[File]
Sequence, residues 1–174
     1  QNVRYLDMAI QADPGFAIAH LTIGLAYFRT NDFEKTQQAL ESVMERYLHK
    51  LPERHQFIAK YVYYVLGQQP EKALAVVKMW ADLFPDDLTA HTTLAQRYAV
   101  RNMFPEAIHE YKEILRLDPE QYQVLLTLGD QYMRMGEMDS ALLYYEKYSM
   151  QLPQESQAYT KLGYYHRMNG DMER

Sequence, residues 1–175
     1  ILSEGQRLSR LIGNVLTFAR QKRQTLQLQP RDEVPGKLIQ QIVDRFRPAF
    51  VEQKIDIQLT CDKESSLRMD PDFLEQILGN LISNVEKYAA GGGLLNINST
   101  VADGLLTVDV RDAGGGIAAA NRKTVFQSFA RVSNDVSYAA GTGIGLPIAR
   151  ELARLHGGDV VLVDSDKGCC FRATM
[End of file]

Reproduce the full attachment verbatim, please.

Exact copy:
Sequence, residues 1–174
     1  QNVRYLDMAI QADPGFAIAH LTIGLAYFRT NDFEKTQQAL ESVMERYLHK
    51  LPERHQFIAK YVYYVLGQQP EKALAVVKMW ADLFPDDLTA HTTLAQRYAV
   101  RNMFPEAIHE YKEILRLDPE QYQVLLTLGD QYMRMGEMDS ALLYYEKYSM
   151  QLPQESQAYT KLGYYHRMNG DMER

Sequence, residues 1–175
     1  ILSEGQRLSR LIGNVLTFAR QKRQTLQLQP RDEVPGKLIQ QIVDRFRPAF
    51  VEQKIDIQLT CDKESSLRMD PDFLEQILGN LISNVEKYAA GGGLLNINST
   101  VADGLLTVDV RDAGGGIAAA NRKTVFQSFA RVSNDVSYAA GTGIGLPIAR
   151  ELARLHGGDV VLVDSDKGCC FRATM